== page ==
We developed a fifteen-minute rapid HIV post-test video that focused on the use of condoms as a positive behavior. The video demonstrated how to properly use male and female condoms and dental dams. Additional information in the video included interpretation of HIV test results, partner notification and domestic violence information. The education and prevention messages in the video were conveyed by one of the co-authors. The video was explicitly designed to include information that conveyed the essential elements that are required to be discussed within the post-test counseling session, as per New York State law. The video was appropriate for an eighth grade language level and was also translated into Spanish.
Two research assistants in the UCA used a standardized scripted approach to describe the study to potential participants. Written informed consent was obtained in either English or Spanish. Individuals who declined to participate were verbally consented to obtain reasons for their refusal. All eligible participants who agreed to participate in the study were randomized to either the control group or the intervention group. A randomization scheme was generated using a computer-generated block randomization, (available online at www.randomization.com). Randomization assignments were placed in sealed opaque envelopes that were sequentially opened by the research assistants after the patient signed the informed consent.
After consenting, participants first responded to a demographic survey, a risk assessment survey, a self-efficacy measure and a condom intention measure. All participants then received pre-test counseling by viewing the same 6-minute pre-HIV test video. It contained all the elements required by New York State law to be discussed in pre-test counseling (as stated in the study design section). Post-test HIV counseling is required by New York State law and followed the viewing of the HIV prevention video. The control group received standard HIV post-test, in-person counseling, while waiting for their HIV test results. The intervention group viewed the HIV prevention video and then received standard HIV post-test, in-person counseling while waiting for HIV test results. The post-test video included a demonstration of how to properly use condoms, and information on interpretation of HIV test results, partner notification and domestic violence. Since the HIV-prevention video was an untested method of conveying information, standard HIV post-test counseling was also given, to provide the standard of care to patients randomized to the intervention arm of the study. (See figure 1)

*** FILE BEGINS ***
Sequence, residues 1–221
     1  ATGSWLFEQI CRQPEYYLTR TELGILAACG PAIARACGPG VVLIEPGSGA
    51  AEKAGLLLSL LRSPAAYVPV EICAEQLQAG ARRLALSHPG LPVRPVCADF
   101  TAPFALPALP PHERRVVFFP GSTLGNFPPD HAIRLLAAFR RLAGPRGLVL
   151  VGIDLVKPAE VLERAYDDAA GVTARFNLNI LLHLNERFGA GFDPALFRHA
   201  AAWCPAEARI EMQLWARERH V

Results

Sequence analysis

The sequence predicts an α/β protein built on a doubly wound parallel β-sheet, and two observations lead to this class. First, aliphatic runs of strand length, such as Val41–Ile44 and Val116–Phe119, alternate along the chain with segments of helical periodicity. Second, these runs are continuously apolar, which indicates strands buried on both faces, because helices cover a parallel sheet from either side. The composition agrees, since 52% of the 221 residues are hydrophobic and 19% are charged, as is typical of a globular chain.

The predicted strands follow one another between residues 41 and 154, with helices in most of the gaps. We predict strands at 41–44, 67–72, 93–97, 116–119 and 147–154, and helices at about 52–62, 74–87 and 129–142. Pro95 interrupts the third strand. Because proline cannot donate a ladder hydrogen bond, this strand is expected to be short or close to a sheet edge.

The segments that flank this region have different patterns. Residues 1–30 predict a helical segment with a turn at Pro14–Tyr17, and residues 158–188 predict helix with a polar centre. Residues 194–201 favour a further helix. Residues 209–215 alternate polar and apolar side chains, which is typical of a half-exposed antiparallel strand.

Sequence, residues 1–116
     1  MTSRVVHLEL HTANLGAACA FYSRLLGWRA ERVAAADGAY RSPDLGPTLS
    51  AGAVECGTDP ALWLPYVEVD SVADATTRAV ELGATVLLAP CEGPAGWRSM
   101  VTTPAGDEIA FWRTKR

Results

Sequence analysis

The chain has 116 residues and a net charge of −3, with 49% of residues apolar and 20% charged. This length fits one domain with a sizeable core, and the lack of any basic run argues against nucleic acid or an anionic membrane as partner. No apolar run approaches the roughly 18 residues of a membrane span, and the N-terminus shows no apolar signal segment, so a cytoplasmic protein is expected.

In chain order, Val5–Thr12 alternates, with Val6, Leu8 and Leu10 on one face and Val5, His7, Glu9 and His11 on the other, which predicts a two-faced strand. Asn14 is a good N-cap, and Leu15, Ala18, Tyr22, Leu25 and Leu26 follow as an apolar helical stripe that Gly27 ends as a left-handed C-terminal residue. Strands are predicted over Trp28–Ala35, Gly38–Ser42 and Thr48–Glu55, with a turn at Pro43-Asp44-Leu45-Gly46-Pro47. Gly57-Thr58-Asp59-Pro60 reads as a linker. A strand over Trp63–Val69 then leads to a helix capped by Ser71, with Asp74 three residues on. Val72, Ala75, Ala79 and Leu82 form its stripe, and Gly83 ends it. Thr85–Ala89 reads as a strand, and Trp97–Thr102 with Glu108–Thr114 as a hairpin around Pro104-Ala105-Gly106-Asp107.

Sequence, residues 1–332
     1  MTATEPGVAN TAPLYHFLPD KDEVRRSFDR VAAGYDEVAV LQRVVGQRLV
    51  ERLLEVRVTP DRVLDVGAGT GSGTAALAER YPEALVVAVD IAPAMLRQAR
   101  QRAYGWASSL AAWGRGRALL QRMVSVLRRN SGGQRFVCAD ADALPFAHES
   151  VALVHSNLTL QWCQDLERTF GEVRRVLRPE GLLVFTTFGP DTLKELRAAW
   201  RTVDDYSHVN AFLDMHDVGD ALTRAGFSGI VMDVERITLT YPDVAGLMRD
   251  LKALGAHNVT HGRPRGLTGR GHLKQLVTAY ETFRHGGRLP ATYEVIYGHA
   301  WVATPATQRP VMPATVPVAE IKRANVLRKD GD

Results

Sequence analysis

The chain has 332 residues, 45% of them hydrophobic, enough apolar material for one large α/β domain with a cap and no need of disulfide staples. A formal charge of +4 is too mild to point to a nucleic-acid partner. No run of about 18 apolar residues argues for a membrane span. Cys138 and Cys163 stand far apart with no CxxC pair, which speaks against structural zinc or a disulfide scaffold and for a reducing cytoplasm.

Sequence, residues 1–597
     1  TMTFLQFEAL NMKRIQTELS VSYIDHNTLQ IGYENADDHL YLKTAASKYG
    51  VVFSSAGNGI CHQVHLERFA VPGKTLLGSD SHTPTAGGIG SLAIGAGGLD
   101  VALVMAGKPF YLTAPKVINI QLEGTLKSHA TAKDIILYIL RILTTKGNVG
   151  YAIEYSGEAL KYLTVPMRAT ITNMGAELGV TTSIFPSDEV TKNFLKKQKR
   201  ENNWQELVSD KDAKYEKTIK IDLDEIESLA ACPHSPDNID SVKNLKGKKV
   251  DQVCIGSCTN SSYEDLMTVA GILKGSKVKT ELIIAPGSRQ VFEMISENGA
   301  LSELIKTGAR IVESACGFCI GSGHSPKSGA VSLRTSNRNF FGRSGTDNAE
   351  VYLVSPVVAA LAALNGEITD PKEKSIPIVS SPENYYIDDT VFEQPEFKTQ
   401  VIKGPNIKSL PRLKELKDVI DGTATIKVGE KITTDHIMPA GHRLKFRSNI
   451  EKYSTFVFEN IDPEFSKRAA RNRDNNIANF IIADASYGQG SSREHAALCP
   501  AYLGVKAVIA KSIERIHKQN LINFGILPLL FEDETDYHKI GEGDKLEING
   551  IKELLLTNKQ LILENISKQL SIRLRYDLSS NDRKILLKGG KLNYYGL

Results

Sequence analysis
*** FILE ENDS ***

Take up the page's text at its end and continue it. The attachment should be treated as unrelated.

All participants were administered a ten-question true-false measure of retained information. Measures were administered in either English or Spanish. Those in the control group took the true-false knowledge measure after receiving post-test counseling. Those in the intervention group viewed the HIV prevention video, took the same ten-question measure of retained information, and then had a standard counseling session after the measure was completed.
The primary outcome for the study was the participant’s score on the ten-question measure. To create this measure, questions were adapted from the New York State Department of Health HIV Questions & Answers Booklet and modified to true-false responses at a fifth-grade reading level, as determined by Microsoft Word’s Flesh-Kincade grade level instrument (Microsoft Corp, Redmond, WA). The measure was circulated among the co-investigators, including HIV and Infectious Disease specialists, for consensus. The measure was initially created in English, and then translated into Spanish (see appendix A). The primary outcome measure, the number of correct answers on the ten-question measure, formed a score that ranged from 0% to 100% correct.